We rode horses in Sabie – galloping into eternity together.

More recently Mark attended my sister and my wedding. I will never forget Mark giving my bemused husband-to-be a flower as was his custom.

Mark’s laugh was one of those that triggered others to laugh and not stop. His smile captivated. His heart was one the most beautiful I have ever seen. He sacrificed so much for others – his important others.

In love I believe he was let down so badly it still hurts me. He painted out of that and gave up on romantic love – which is so so desperately sad but I believe he was trying to self preserve. For me this is so tragic as he was a gorgeous soul and the love between 2 people – true romantic love as it were is something that can take one to heights that nothing else can- and it did – only it dropped him too (as it does many).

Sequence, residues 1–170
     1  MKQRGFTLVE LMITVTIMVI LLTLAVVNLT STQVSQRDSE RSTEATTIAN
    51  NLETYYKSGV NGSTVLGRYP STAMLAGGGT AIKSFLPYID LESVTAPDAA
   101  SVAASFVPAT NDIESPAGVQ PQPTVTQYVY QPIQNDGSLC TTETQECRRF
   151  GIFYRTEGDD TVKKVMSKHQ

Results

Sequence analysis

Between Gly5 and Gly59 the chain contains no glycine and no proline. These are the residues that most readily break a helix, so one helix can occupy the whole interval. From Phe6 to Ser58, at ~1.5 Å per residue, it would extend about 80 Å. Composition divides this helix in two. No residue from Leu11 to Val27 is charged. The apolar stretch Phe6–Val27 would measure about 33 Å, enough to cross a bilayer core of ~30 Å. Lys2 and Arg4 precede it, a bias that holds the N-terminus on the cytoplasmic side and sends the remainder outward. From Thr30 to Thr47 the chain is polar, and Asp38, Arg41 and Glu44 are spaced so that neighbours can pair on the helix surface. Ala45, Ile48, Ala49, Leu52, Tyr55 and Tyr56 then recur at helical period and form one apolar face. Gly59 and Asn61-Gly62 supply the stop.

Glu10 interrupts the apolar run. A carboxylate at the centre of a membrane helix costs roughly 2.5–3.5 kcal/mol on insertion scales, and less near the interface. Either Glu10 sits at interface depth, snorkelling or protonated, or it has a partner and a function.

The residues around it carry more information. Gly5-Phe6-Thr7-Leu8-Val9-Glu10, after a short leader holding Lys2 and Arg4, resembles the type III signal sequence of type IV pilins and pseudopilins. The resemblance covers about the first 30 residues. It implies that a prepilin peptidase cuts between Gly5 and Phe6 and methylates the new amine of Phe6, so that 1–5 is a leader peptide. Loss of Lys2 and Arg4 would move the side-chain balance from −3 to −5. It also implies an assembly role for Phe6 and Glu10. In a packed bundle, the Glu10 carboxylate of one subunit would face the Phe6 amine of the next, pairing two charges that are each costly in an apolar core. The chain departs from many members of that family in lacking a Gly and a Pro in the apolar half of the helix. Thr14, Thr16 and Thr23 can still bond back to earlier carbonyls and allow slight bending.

He had so much to give – in life and love.

Taken way way too soon, I just don’t understand and I guess never will.

What I know is that we must live here now, and make each minute count. We must cherish each other in the moment. Be present in the moment and live each as if the last.

 

To Mark – my “friendus” ignite heaven as I know you will with your soul. Devastate them with the joy that radiates out of it. The deeper the sorrow carves into your being the more joy it can contain. I love you and I always will.

Celebrate and live each minute


Our time on earth is limited by a number none of us know. The quality that we experience depends almost entirely on us – each one, in our own capacity.

Life is very short for some and interminably long for others. The enigma is that there is no way of knowing.

Where does that leave us each, individually?

Life is a strange bag of tricks and boils down to little more that about 40-60 years on average of a daily slog : waking, working, paying for things, sleeping. And yet it can be so much more. It can be.